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Courtney Kauh, Taylor Blachley, Paul Lichter, Paul Lee, Joshua Stein; Geographic Variability In The Age Of First Cataract Surgery And Rate Of Cataract Surgery Among Persons Living In Communities Throughout The U.S.. Invest. Ophthalmol. Vis. Sci. 2013;54(15):4384.
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To determine whether there is geographic variability in the age of first cataract surgery and the age-adjusted rate of cataract surgery among a large group of patients living in different communities throughout the United States.
Health care claims data from a large nationwide managed-care network were reviewed to identify all enrollees age >40 who underwent ≥1 cataract surgery between 2001-2011. The age of first cataract surgery was obtained for each enrollee and comparisons of the median age of first cataract surgery were made for enrollees residing in each of the 306 different communities throughout the U.S.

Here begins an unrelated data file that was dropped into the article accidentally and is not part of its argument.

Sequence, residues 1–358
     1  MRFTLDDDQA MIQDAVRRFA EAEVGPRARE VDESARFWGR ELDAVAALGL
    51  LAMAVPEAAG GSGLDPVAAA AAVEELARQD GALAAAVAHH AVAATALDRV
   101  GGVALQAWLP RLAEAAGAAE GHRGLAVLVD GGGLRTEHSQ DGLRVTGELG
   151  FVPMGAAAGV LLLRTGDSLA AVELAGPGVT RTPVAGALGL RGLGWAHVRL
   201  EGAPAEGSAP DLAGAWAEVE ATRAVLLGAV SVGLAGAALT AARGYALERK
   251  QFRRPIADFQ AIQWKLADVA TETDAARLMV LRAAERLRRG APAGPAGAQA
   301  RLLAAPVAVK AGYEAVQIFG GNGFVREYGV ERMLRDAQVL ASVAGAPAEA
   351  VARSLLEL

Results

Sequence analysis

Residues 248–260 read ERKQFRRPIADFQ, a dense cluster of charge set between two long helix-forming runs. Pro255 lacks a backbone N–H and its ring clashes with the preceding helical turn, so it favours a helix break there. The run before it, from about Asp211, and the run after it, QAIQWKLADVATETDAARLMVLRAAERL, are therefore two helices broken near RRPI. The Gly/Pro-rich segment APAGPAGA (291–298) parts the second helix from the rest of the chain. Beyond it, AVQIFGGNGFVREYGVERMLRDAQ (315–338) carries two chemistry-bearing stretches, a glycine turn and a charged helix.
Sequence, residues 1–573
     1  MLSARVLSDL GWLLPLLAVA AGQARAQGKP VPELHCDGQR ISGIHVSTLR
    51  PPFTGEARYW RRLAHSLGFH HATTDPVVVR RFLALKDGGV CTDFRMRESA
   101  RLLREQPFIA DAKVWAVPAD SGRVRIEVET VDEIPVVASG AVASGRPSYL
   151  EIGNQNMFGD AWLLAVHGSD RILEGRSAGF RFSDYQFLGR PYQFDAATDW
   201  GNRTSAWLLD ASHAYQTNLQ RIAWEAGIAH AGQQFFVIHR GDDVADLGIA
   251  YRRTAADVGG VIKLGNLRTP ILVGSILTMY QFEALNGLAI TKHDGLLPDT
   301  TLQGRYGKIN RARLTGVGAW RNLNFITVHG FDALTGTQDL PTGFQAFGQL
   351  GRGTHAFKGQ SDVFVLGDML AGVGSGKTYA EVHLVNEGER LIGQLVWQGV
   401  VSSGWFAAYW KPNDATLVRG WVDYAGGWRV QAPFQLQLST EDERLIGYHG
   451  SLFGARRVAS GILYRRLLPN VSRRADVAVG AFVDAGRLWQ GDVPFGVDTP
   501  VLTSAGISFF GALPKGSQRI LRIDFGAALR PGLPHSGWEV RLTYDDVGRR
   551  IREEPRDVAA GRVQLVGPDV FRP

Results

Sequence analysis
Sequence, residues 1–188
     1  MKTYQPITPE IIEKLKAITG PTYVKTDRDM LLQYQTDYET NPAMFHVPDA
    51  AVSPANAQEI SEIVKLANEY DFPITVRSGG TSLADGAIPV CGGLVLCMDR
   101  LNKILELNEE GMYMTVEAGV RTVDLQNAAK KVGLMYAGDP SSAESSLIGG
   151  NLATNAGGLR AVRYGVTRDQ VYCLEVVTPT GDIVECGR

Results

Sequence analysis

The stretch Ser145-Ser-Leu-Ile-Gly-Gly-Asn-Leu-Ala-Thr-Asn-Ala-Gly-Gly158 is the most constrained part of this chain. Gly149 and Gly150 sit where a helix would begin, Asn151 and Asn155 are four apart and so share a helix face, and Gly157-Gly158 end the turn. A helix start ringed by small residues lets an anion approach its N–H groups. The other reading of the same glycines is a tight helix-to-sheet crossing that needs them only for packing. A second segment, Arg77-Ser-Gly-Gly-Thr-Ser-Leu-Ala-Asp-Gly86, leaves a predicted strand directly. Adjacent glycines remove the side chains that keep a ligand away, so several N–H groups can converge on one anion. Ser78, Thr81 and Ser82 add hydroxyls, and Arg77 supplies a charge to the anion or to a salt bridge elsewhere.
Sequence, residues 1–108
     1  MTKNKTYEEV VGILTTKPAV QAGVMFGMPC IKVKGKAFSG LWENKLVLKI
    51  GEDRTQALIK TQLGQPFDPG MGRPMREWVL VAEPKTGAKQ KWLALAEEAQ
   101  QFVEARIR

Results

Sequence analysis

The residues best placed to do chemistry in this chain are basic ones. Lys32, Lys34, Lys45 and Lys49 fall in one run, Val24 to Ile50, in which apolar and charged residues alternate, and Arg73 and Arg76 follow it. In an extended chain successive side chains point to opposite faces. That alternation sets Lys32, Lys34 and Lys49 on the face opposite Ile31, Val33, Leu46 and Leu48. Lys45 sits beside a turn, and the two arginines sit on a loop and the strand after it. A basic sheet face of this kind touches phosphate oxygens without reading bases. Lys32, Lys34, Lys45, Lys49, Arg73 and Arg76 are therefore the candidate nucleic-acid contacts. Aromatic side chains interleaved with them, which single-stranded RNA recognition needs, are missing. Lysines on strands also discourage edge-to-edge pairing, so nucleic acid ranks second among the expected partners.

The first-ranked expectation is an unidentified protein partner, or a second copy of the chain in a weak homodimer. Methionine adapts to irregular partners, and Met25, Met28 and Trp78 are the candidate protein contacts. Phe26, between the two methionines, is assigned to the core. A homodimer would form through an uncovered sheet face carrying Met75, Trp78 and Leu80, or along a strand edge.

Of the 1052277 enrollees diagnosed with cataracts, 243467 (23.1%) underwent ≥1 cataract surgery. Large differences were noted in the median age of first cataract surgery among the different communities: those with the lowest median age of first cataract surgery (Lansing, MI- 59.9 years and Aurora, IL- 60.1 years) differed considerably from those with the highest median age (Marquette, MI-77.0 years, Rochester, NY-78.4 years and Binghamton, NY-79.6 years). Differences in the age-standardized rates of cataract surgery varied 5 fold across communities ranging from 7.5% in Honolulu, HI to 37.3% in Lake Charles, LA. Some communities exhibited variability in age of first cataract surgery of as little as 6-7 years (Lawton, OK- 6.4 years and Yakima, WA- 7.2 years) while others had large variability in the age of first cataract surgery (Bloomington, IL- 12.7 years and Santa Cruz, CA- 12.7 years).
Dramatic variability exists in the age of first cataract surgery and the age-standardized rate of cataract surgery for enrollees residing in different communities throughout the U.S. Efforts should be directed at understanding the extent by which these differences are due to patient-related factors, supply of ophthalmologists or optometrists in a given community, and the impact of the timing of cataract surgery on patient outcomes.
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